Last Updated Nov 17, 2009 10:55 AM EST
But what we're seeing is more than moving CPU cycles or storage to some location managed by another party or even than saving money. What we're seeing is a fundamental shift in the nature of computing and all the information that uses it. We're moving from a world of Newtonian mechanics to one of atomic-level forces.
Up until now, one characteristic of all computing and media has been that you had to buy far more than you might want because of packaging. Need to perform some periodic calculations for business analysis? Get a server to provide a bounty of unharvested CPU cycles for the few that you'll actually need. Want a bit more storage? Double your current available amount with a new drive. Want to read an article? Buy the entire magazine. Want to edit a document? Get a word processor that will provide five to ten times the features that you might actually use. Things were bundled in mass, and picking up the economy size was your only choice.
That enforced bulk purchasing was the foundation of income for media and high tech companies. Because they sold only bundles of capacity or information, like enforced combination meals at a fast food emporium, these vendors were effectively artificially pumping up their revenues because customers had no other choice but to pay for more than they needed. Another result was that the vendors, feeling comfortable with their income streams, built corporate infrastructures to match.
Then came the atomic collider known as the Internet and, with it, the possibility of getting content and computing piecemeal. Suddenly you could pull down individual pieces of content, separated from a larger context of a book, magazine, or television program. Cloud computing, and its variously named antecedents, showed that you could get all sorts of computational and storage work done paying for only what you consume. Both computing and media have been blasted by the online particle beam and are being dispersed into constituent atoms that aren't likely to coalesce into a semblance of their old form.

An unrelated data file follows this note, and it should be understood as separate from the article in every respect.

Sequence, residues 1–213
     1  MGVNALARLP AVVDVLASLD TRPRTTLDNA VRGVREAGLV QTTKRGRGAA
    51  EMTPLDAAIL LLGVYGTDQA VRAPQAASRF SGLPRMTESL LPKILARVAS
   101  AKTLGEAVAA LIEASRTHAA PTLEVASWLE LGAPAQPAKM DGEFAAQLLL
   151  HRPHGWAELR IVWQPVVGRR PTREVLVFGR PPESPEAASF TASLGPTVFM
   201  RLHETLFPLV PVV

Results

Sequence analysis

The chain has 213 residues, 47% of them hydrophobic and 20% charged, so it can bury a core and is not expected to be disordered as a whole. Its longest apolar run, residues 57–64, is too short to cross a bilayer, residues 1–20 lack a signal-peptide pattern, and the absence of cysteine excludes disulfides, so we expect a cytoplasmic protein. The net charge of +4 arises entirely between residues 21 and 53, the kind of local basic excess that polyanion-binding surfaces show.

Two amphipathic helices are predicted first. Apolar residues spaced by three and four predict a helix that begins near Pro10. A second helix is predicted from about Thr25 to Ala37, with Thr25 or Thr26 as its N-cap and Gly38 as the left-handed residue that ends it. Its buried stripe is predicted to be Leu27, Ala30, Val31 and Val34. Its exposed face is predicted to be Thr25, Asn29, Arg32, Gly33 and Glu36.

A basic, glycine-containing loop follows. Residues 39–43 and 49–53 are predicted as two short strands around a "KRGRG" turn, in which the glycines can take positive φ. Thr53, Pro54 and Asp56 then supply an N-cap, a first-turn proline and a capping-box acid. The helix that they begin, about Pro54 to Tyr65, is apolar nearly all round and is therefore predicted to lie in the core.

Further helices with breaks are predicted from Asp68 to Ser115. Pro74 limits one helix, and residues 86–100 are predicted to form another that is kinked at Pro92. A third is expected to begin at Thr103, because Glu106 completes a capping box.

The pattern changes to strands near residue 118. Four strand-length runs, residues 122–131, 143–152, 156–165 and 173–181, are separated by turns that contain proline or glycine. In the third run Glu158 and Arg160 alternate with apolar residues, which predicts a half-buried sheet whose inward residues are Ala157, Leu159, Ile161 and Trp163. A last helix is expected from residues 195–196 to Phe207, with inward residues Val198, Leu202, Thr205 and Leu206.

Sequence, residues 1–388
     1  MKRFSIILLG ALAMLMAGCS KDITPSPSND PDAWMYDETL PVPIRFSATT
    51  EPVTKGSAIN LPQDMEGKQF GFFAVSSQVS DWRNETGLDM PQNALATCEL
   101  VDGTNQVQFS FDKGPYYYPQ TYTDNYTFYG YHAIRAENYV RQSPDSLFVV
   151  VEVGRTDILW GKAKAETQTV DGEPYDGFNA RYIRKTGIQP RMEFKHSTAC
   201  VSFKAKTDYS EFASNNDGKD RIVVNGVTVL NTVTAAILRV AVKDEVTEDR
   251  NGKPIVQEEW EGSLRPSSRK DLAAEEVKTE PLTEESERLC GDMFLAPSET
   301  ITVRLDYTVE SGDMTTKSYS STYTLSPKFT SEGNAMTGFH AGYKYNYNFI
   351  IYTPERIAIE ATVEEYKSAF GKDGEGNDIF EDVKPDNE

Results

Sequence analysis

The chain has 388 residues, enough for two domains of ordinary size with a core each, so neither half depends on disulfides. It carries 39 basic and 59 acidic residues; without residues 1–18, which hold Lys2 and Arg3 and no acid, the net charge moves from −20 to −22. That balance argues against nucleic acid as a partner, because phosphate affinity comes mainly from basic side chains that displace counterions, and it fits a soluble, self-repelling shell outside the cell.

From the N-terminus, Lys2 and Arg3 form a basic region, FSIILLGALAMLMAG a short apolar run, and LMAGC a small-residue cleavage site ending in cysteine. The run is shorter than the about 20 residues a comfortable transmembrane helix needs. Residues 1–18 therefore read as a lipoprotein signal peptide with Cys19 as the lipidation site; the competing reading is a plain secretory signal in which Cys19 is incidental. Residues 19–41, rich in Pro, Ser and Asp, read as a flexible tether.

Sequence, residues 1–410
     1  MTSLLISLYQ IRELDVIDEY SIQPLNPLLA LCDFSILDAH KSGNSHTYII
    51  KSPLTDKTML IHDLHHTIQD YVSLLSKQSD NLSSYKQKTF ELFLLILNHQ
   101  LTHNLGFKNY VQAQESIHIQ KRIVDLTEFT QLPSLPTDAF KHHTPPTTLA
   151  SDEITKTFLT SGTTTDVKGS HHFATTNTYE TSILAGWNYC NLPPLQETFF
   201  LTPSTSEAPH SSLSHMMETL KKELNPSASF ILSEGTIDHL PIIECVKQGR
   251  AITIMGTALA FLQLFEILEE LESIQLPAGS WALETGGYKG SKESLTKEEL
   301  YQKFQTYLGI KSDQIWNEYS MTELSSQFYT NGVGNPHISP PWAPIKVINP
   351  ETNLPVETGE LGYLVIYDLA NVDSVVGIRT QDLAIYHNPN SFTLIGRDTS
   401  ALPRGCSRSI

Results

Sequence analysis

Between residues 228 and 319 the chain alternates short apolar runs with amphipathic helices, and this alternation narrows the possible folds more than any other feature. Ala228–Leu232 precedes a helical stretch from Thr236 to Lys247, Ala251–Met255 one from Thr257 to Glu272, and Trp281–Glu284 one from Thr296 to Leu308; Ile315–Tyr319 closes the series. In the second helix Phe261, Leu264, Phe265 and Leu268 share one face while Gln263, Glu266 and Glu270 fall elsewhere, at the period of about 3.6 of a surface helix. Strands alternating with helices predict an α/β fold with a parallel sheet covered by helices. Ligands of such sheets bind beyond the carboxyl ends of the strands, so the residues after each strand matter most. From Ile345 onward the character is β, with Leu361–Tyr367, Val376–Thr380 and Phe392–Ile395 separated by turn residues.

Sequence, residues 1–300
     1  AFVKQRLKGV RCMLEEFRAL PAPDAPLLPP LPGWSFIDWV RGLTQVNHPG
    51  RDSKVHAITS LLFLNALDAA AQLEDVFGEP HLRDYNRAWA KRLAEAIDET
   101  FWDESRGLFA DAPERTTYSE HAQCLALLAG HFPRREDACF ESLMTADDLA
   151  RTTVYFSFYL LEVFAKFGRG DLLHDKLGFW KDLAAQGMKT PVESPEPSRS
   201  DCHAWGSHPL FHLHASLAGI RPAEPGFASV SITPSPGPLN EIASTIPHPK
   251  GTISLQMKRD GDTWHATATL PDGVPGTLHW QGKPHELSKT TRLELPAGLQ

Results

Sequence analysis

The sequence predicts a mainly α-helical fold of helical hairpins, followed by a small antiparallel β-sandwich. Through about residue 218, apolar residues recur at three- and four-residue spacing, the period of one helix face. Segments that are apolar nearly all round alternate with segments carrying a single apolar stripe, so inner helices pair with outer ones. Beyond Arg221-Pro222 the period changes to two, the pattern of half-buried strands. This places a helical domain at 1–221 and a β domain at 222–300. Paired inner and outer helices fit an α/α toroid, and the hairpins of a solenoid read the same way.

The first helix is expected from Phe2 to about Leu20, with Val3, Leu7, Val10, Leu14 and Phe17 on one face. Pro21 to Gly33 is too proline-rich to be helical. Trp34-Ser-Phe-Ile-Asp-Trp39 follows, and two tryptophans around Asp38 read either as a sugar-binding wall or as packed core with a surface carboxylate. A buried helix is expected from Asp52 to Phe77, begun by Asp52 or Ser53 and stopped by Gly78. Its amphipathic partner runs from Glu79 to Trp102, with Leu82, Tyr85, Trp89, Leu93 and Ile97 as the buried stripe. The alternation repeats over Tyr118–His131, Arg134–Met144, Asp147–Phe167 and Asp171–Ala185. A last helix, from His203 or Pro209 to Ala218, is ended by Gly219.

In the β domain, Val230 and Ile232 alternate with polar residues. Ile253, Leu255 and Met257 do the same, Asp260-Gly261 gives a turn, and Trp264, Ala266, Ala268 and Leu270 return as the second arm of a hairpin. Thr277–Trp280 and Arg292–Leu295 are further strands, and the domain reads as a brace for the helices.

Such shattering of business models is driving the trend for technology and content to approach near free prices. Working in this new world is going to be extremely tricky, and probably beyond the experience and understanding of most managers. That's why it's so intriguing to watch companies like Amazon and AT&T.
Amazon has succeeded as a discount retailer, which means it has the operational discipline to sell low, buy lower, and thrive on the differential income. And AT&T, as is true for all carriers, must know how to make money on incremental transactions. Most companies in tech and media are like record labels, which at one time sold 45s with two songs each. Then they learned to sell albums, fitting more capacity into a disc and charging accordingly more. But they've forgotten the days of the singles and don't know how to scale back their operations to deal with media consumption. And unfortunately, many of these companies will fade as 45s eventually did, becoming only relics.